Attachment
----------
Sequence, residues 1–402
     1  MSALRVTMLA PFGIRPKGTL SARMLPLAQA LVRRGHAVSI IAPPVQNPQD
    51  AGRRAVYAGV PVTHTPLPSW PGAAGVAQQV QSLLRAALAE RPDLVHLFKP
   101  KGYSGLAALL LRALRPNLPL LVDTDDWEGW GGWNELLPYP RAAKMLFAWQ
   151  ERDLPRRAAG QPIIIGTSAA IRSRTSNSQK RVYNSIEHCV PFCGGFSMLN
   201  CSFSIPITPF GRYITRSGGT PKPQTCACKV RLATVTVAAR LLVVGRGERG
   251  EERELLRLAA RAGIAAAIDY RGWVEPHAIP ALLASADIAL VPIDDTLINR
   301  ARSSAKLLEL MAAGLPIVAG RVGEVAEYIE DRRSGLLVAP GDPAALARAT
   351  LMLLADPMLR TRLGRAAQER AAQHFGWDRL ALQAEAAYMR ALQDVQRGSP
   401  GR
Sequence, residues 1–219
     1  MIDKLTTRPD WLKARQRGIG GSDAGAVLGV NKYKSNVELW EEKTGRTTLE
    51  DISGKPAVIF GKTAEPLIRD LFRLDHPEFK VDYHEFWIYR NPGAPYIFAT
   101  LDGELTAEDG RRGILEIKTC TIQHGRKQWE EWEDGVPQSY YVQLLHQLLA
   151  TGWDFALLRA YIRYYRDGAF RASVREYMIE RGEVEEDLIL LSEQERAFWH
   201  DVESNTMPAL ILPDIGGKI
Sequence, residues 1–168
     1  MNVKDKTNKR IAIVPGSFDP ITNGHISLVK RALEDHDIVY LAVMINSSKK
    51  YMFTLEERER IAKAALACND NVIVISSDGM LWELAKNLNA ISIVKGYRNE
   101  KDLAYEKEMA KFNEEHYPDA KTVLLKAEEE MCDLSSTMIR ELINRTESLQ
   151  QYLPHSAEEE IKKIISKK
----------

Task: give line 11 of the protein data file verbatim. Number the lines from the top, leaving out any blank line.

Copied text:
Sequence, residues 1–219